Post by MossySF » Sun Aug 19, 2018 7:43 am

To be honest, I'm way more worried about ACH fraud than money market collapse cuz the ACH system is so decrepit. If you look at how it works, the security feels ludicrously weak.

Hence I keep 2-3 months of spending cash in banks and the rest at either Vanguard money market or brokerage short-term bond ETFs. From WellsTrade, it takes 2 days (1 day settlement, 1 day to transfer) to get the money transferred to Wells Fargo checking where I can use it.

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Re: Money Market Funds vs. Online Banks

Post by BogleMelon » Sun Aug 19, 2018 7:52 am

RickBoglehead wrote:
Sun Aug 19, 2018 6:50 am
Money is accessible via tens of thousands of ATMs worldwide, no fees.
For Ally, it has to be Allpoint ATM, otherwise there are fees
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Re: Money Market Funds vs. Online Banks

Post by Cody » Sun Aug 19, 2018 7:59 am

Don't know how germane this to the topic but one can also hold an IRA in money market (or even possibly a savings account) with Ally. So it does not have to just be after tax money. Not sure if Cap1 allows this or not.

Cody

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Svensk Anga
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Re: Money Market Funds vs. Online Banks

Post by Svensk Anga » Sun Aug 19, 2018 9:23 am

I have kept the bulk of my ready funds at VG Prime MM since 1982, but I also hold a bit in an online bank (American Express, currently at 1.75%). My concern is if VG gets hacked and my account is locked down for a week or two. I can still grab funds as needed from AmEx.

I am pretty sure that VG is not going to do some dubious investments in Prime MM and so risk breaking the buck. Their at-cost business model means that they can offer a very competitive yield without taking much risk. So lack of FDIC insurance is not much of a concern. Other vendor's money market funds would require more due diligence.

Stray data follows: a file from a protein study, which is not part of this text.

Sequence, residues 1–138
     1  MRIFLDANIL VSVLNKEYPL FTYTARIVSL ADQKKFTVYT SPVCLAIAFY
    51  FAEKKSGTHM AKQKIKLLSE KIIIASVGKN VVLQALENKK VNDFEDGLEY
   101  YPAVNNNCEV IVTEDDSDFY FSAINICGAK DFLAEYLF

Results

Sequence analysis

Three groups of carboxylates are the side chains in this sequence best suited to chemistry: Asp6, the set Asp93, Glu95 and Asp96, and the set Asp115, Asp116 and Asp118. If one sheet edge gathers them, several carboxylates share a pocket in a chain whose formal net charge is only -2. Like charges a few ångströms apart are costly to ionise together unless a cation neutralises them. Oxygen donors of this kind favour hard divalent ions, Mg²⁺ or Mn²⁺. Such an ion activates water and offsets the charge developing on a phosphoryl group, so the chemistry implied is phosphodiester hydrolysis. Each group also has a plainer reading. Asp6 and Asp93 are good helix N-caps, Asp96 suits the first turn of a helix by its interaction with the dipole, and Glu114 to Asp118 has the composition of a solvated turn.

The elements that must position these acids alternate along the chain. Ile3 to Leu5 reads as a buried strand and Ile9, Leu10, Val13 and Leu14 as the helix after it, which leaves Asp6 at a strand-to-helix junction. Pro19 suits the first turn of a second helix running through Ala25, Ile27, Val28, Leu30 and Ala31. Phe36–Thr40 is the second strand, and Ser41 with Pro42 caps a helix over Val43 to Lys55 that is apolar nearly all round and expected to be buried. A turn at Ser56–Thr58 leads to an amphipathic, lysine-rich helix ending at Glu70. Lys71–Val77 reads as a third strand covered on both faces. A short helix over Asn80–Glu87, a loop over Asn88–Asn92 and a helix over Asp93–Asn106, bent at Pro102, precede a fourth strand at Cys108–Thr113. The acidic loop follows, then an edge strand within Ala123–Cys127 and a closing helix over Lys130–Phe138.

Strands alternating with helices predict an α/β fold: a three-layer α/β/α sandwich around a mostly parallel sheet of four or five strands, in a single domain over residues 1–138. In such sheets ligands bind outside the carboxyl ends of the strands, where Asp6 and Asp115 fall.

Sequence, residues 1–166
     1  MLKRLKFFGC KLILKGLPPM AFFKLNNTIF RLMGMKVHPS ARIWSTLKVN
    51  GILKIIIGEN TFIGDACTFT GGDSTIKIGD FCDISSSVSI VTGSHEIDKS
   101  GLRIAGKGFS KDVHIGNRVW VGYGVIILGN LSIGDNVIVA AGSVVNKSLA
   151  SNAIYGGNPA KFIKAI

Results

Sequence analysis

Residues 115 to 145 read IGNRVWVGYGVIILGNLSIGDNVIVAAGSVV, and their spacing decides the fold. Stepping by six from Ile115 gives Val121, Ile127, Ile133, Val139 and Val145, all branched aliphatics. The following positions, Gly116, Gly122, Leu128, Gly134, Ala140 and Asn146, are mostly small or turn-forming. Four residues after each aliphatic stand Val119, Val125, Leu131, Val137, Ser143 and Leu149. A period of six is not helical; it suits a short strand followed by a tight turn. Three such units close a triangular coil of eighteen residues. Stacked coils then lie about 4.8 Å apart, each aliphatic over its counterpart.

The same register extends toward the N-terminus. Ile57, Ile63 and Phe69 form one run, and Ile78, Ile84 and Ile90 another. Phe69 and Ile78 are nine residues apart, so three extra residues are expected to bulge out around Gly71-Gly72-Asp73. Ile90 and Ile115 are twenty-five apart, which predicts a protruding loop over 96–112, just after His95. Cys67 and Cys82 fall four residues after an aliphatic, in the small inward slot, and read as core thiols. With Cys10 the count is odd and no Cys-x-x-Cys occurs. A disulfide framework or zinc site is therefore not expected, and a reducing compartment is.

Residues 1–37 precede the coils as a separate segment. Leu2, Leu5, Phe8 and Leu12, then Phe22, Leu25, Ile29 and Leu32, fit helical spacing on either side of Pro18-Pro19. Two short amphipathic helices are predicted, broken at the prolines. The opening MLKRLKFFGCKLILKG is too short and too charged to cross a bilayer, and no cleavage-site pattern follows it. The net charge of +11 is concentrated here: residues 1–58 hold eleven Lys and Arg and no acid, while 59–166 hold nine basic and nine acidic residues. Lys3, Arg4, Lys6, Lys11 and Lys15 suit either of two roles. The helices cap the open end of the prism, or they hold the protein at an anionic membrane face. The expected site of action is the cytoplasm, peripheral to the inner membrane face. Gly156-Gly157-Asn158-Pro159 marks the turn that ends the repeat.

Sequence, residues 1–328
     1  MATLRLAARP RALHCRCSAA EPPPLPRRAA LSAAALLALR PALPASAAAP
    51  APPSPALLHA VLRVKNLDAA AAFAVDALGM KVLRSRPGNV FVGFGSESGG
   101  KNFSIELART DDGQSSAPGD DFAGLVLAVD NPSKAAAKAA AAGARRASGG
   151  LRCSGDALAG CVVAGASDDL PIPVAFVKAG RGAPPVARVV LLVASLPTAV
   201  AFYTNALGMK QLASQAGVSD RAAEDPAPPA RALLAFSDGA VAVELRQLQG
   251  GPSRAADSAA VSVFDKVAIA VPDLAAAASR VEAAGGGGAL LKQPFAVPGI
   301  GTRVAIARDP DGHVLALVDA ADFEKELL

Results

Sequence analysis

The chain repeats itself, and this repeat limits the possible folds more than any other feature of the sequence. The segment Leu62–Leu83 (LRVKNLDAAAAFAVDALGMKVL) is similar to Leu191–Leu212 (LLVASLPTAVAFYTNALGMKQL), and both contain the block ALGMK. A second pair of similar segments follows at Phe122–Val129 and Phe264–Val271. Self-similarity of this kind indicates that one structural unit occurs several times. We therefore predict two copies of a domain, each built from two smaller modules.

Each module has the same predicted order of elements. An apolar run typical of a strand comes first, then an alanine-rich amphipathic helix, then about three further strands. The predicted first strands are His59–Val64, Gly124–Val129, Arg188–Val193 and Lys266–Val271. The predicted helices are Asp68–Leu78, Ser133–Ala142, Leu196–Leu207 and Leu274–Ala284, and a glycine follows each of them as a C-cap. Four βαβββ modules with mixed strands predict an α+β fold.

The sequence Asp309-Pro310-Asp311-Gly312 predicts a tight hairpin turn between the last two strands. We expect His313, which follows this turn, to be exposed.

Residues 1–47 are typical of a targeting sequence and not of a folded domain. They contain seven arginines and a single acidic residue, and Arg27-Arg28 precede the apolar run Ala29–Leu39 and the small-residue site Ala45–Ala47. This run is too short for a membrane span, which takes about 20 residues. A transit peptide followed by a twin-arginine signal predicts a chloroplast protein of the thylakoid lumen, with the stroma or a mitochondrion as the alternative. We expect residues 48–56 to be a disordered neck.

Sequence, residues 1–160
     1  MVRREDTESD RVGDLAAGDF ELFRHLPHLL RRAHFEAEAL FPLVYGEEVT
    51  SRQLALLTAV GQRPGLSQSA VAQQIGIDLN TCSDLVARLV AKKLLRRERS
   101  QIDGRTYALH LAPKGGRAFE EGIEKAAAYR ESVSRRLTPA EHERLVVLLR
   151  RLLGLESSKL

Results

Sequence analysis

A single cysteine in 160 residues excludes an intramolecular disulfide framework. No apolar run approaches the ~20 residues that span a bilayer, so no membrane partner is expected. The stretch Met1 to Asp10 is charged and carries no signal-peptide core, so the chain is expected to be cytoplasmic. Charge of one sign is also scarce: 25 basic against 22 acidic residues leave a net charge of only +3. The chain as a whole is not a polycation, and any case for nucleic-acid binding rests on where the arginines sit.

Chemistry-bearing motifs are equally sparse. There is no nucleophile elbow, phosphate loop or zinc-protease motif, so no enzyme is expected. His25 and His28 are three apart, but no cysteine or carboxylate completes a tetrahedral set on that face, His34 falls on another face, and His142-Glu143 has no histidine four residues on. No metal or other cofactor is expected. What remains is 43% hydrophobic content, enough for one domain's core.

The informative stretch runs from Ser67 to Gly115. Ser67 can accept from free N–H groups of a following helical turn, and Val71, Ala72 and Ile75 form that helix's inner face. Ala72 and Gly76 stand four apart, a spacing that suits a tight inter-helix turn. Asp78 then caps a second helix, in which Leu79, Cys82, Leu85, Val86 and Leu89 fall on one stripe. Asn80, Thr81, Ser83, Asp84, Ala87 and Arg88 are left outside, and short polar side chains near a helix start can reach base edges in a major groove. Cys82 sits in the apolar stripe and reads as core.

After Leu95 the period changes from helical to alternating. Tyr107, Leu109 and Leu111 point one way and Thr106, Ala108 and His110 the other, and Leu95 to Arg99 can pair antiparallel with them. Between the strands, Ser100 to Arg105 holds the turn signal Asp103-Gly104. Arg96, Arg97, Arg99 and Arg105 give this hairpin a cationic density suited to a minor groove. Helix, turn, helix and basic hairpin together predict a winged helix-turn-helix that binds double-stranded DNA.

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Re: Money Market Funds vs. Online Banks

Post by mega317 » Sun Aug 19, 2018 9:24 am

BogleMelon wrote:
Sun Aug 19, 2018 7:52 am
RickBoglehead wrote:
Sun Aug 19, 2018 6:50 am
Money is accessible via tens of thousands of ATMs worldwide, no fees.
For Ally, it has to be Allpoint ATM, otherwise there are fees
Ally will reimburse atm fees at least up to some limit

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goingup
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Re: Money Market Funds vs. Online Banks

Post by goingup » Sun Aug 19, 2018 9:28 am

I use Prime MM. Convenient. Good yield and have no worry about stewardship with Vanguard. We have very few financial institution relationships for simplicity sake.

enterobacter
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Re: Money Market Funds vs. Online Banks

Post by enterobacter » Sun Aug 19, 2018 10:46 am

I have been using Ally but have been thinking about putting some money into the money market as well. Newbie question - what type of account do ppl put this in at VG? Do you open a separate account?

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Re: Money Market Funds vs. Online Banks

Post by nisiprius » Sun Aug 19, 2018 10:48 am

Quick guess. Without peeking, what do you think the US/international breakdown for the Vanguard Prime Money Market Fund?

a) < 1% international
b) 1-10%* international
c) 10-30% international